A few years ago when I first started writing about 13HF filings only a few of us tracked the portfolios of larger fund managers and hedge fund titans. Now, it seems everyone does and everyone is hoping to catch a ride on the stock picks of David Einhorn or John Paulson. Entire websites are devoted to cloning the portfolio of noted investors. I cannot imagine a more dangerous practice than blindly following a hedge fund's buying and selling activities. You will have enough losing stock ideas in your lifetime without taking anyone else's and without doing the homework.
When Paulson and Einhorn drop 30% or 40% in Bank of America (BAC) it means smaller fees for the year. When you and I do that we lose real money that is part of Junior's college fund or our retirement plan. You have no way of knowing if they shorted some options or even another stock against any given position. A purchase of a particular stock could be part of a capital structure arbitrage or the fund manager could have hedges in place that are not available to you and me.
The 13HF filings are simply a starting point to do the homework. If you find an interesting idea, dig in and make sure it fits your parameters as a long-term investment. I steal ideas from 13HF filings all the time, but I never buy without doing my homework first. The other useful activity I engage in each quarter is looking for trends in the buying and selling activities of the best of the best. If a bunch of managers are buying in a particular sector, or selling for that matter, I'll take note. If a lot of these talented individuals are buying a wide range of stocks in an out-of-favor sector, I'll look for the potential catalyst of things to change in that sector. I want to see which stocks they are buying at levels that fit my deep value, asset-based style.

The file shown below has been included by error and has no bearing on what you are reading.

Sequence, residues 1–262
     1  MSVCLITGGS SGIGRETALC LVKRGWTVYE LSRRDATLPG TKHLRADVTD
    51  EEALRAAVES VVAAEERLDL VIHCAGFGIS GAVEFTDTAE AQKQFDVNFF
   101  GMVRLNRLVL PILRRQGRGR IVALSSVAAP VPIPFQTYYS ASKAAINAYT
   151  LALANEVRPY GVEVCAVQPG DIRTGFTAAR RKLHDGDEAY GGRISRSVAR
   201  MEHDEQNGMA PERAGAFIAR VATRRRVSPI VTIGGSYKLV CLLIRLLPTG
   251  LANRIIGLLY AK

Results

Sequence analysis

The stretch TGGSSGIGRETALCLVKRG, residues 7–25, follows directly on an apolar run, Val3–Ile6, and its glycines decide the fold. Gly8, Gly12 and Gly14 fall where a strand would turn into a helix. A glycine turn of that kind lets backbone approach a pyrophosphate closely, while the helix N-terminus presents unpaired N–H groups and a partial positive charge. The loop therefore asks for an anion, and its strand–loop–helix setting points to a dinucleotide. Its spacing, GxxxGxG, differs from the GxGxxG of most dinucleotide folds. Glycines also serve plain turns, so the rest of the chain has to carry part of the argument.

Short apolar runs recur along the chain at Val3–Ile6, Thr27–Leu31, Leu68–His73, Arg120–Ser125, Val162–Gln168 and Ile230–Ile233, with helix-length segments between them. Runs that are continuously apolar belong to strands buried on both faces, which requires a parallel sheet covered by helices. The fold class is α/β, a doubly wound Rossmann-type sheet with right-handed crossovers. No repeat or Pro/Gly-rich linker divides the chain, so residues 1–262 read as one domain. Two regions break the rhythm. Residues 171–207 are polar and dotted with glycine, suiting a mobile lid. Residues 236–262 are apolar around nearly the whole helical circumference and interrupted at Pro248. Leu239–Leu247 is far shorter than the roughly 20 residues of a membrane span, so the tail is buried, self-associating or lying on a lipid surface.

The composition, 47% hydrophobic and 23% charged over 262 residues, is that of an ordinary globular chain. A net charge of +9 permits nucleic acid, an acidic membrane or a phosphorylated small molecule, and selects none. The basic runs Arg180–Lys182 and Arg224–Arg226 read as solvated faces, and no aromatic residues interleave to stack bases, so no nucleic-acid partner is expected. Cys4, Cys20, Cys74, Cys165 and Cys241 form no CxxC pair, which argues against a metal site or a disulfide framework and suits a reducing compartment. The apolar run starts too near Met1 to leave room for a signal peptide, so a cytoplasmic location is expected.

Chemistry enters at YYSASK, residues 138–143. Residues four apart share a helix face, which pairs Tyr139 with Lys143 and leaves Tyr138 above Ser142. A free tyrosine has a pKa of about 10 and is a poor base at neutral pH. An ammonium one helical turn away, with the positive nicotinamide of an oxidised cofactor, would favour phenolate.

A couple of trends have emerged this quarter. A lot of value and activist fund managers aggressively bought energy stocks; refiners attracted the most interest. As they pulled back, I saw a lot of buying in Tesoro (TSO), Valero Energy (VLO) and CVR Energy (CVI). David Tepper, Daniel Loeb and Joel Greenblatt have very different approaches to picking stocks, but they all bought the refiners on the selloff. I have a strong bias toward buying refiners close to 50% of tangible book value. They are not there yet, but if the global slowdown continues, they may well get there by year-end.
El Paso (EP) has attracted a lot of interest in the wake of its announcement that the company would spin off its exploration and production (E&P) company. The separation of the E&P business from the pipeline and transmission business could create higher valuations for both pieces of the company than they currently command as a combined entity. A diverse collection of successful investors, including Mario Gabelli, Michael Price and Leon Cooperman, seem to believe this will be the case as they purchased the stock in the second quarter.
Another noticeable trend in the quarter was that some of the super investors I follow are starting to buy little banks. Many of them were microcap and too small to write about here, but they key takeaway is that other investors are starting to edge into the trade of the decade. Many of these banks are incredibly cheap and their balance sheets are improving as the credit crisis works its way through the banking system.
One intriguing bank worth investigation is State Bank Financial Corporation (STBZ). The majority of the bank's loan portfolio is covered under a loss sharing arrangement with the FDIC. The bank carries the loans at around 60% of the outstanding principal balance, so any improvement in performance or recovery could have a material and dramatic positive impact on profits.
In spite of the well-known difficulties in financial stocks this year, both John Paulson and David Einhorn were buying shares of this bank. State Financial is very well capitalized, and if the shares fall below tangible book value of $11.57 a share, I would be a buyer. Now is the time to drag out your list of small banks and search for the very best bargains.
Banks and energy have been weak for the past few months, but many of the best investors are starting to buy in these sectors. It is probably time to start researching for your best ideas in these sectors.